Marc and Becki are The Webb. They formed late 2012 and begun creating their modern twist on Dark 80’s/pop/punk/goth in a homemade studio.
With self-proclaimed influences ranging from The Banshees to Gary Numan, there’s also a flavour of early electronic/experimental bands of the 80’s. Apart from the music, the theatrical side of the band is well catered for as both Marc and Becki bring their fashion influence into the music both through their clothing and the self-made videos they release. This is a lifestyle choice for them, not “just” a band. They live it so you feel it.
There’s a great mix of Electronic Kit/Drum Machines, sequenced analogue hardware and stringed instruments on the album. Not a computer in sight on this one, old school. Not all programmed, you can hear there’s a “human” behind the music so it brings life to the synthetic. Vocally, Becki has a great way of singing in a robotic manner by way of spoken word and by singing in a haunting voice. With so much drawn from the early electronic gothic period, you might have been mistaken that this album may come across as somewhat “dated”, I’m not going to say it was a pleasant surprise that it’s not, more that I’m glad there’s a throwback to those early bands and that it’s had the influence of two people who know how to bring it forward. Nostalgic in nature, if you were there first time around, but fresh if you weren’t. There’s no need to start digging out your old vinyl and tapes, stream this or even better, buy direct from the band or go see them if you can, it’s more than just music.
Great throbbing bass intro with some random “tom” thrown in before the robotic/verging on manic voice kicks in with “We’re Born, we’re fed, we’re raised on dread” Great into/message to kick the album off. The synths fill out the song with a great bass line hook all the way through it. Already looking to hit repeat on the stream!
First in my book
Great sub/synth on this track as the evil wicked story begins. Cleverly constructed lyrics, which tell a wicked tale. Worthy of listening and determining the ending.
Trust Me I know
I can almost hear a PiL demo here from ’78 as the songs starts with drums and bass. As the sequenced synths come in, there are pop tones and staccato fingered solos of early Depeche Mode but with a real cynical vocal delivery and not the clean cut imagery of the afore mentioned band. Becki has a wicked way with words and they grow on you throughout the song as the earworm works its way into your brain.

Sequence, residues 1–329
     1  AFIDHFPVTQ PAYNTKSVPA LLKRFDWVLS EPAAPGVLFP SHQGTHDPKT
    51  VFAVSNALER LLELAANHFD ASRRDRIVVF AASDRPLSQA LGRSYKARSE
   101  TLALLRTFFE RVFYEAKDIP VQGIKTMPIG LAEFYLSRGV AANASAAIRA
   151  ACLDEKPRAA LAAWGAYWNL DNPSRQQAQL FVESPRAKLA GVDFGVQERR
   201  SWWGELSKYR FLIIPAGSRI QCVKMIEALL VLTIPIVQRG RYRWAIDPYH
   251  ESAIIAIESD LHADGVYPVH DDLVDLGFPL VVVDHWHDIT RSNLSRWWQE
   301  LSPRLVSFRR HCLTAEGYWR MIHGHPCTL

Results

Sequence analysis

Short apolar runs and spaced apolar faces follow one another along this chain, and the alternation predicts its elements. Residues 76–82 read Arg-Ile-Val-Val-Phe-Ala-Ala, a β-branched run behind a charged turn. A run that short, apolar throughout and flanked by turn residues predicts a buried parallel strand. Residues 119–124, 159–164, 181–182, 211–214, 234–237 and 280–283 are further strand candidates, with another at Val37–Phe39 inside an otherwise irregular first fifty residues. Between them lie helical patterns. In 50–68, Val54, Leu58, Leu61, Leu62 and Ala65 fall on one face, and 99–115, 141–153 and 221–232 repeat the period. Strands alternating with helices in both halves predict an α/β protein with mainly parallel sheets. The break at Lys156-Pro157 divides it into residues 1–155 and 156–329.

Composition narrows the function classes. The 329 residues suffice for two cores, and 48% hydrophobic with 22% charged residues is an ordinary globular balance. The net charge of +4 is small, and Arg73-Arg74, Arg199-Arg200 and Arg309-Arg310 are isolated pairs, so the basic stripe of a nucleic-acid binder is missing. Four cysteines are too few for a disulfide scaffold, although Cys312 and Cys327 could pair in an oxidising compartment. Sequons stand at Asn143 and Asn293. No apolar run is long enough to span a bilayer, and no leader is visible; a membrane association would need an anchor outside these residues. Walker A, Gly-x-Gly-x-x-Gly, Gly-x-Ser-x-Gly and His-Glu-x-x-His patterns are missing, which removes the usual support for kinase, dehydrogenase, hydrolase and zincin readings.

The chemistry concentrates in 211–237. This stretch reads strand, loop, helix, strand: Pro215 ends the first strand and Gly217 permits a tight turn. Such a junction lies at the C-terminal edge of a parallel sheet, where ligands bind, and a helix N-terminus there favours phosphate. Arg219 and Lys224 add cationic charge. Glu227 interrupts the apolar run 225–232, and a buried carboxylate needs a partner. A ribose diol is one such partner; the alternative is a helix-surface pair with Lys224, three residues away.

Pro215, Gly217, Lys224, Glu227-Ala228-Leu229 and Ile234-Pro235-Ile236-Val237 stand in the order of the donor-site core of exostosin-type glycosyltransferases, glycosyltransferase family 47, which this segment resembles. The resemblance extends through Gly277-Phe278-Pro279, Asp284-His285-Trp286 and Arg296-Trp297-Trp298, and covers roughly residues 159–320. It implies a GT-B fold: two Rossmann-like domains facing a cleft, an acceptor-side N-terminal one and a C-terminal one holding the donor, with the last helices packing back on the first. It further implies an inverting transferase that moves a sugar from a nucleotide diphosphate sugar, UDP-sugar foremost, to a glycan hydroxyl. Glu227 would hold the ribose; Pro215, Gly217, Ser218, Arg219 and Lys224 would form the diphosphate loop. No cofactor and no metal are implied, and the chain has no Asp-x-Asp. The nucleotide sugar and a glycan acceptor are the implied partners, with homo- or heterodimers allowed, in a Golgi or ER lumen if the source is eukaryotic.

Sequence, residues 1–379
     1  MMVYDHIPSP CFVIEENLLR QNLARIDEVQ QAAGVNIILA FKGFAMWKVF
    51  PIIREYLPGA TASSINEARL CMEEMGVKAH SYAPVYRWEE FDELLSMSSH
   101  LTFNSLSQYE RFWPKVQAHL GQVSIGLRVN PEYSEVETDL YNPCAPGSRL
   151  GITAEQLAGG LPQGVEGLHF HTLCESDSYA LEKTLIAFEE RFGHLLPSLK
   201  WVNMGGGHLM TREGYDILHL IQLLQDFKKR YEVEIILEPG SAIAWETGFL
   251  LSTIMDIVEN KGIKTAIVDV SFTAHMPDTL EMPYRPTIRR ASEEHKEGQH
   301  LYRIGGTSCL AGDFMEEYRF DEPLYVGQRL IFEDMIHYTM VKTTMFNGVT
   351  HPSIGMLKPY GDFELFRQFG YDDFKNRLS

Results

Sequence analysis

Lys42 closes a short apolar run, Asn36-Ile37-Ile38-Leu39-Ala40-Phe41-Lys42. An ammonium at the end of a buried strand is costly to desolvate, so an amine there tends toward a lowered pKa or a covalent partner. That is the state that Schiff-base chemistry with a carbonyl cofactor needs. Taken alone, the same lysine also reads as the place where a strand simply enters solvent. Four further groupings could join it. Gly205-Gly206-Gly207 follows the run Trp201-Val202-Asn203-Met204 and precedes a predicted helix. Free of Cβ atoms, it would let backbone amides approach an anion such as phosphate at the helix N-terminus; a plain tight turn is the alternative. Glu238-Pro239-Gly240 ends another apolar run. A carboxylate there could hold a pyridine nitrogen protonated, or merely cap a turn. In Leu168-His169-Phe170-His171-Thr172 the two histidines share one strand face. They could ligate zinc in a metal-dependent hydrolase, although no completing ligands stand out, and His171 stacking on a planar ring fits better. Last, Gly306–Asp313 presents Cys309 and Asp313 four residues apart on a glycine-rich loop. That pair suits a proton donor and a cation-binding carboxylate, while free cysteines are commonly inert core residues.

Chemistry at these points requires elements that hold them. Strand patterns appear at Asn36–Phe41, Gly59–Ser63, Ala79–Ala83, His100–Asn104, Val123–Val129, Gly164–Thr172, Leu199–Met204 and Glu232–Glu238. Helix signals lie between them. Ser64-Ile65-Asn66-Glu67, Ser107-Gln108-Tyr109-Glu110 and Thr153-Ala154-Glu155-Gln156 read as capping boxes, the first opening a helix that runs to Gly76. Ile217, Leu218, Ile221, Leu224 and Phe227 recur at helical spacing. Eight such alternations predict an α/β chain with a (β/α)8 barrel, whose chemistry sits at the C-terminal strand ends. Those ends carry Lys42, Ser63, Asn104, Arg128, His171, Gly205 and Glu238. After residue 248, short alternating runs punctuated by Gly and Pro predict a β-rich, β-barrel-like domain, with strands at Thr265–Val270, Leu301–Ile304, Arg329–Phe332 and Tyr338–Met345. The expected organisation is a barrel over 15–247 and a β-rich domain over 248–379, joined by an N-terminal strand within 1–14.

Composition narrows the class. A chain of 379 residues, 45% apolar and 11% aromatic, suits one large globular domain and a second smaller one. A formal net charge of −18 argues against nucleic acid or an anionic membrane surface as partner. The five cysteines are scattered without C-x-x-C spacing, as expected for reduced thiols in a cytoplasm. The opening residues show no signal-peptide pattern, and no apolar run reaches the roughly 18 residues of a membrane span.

Get Up and Go
Similar to the previous track, bass and drums dominate but the synths soar in the background. “I’m running on empty, no get up and go” is the main lyric to the song, which is ironic because the rhythm of the song makes you want to “Get Up and Go”. It’s my favourite so far. (Repeat hit!). Similar in musical delivery to Sleaford Mods, simple but incredibly effective.
The first time I played a massive sounding synth, I hit keys at random, this is what this songs reminds me of as it starts, massive sounding chords dominate before Becki describes school days. Easy to identify with those bleak days. “Sit down, stand up, do as I say” – “Day after day” was this your memory?
Serious sub/synth again on this track and Becki paints another bleak picture. It sounds like she’s been drawn into another dimension.
This track sounds similar to Carter USM, but with the eerie haunting vocal of Becki instead of that of the chirpy chaps from yester year. Upbeat and hypnotic with the repetitive “Questions” begin sung.
Alice In Wonderland
It doesn’t get more gothic than this, a terrific rendition of the famous story from Lewis Carroll. Lots of spatial synths and sound effects with a drop of 80’s video game sounding synth smack bang in the middle just to throw you off. Wonderfully dreamy vocals echoing like you are dropping down the rabbit hole into the hidden world.
I Don’t Need
The alternative to what Pete Shelly of The Buzzcocks said when he sung “I need” back in ’78 well, Becki tell us she’s just happy being herself as she rattles off the unwanted tribulations of this world. A complicated but rhythmic backing track, which has a semaphore message running through it, of which we’ll will probably never know (unless Marc can enlighten us).
Raised on Dread
A remix of the opening track of the album, faithful enough that it is recognisable but in true remix fashion, it has a life of its own. Essential listening and would make a great track to be played in a small dark venue at a loud volume.
The Webb are greater than the sum of their parts. For a duo, they have a real presence, which comes through more as a band. Great production considering how/where it was recorded and enough idiosyncrasy to be alluring. I’m now heading for the back catalogue as intrigue has the better of me. Don’t let The Webb pass you by.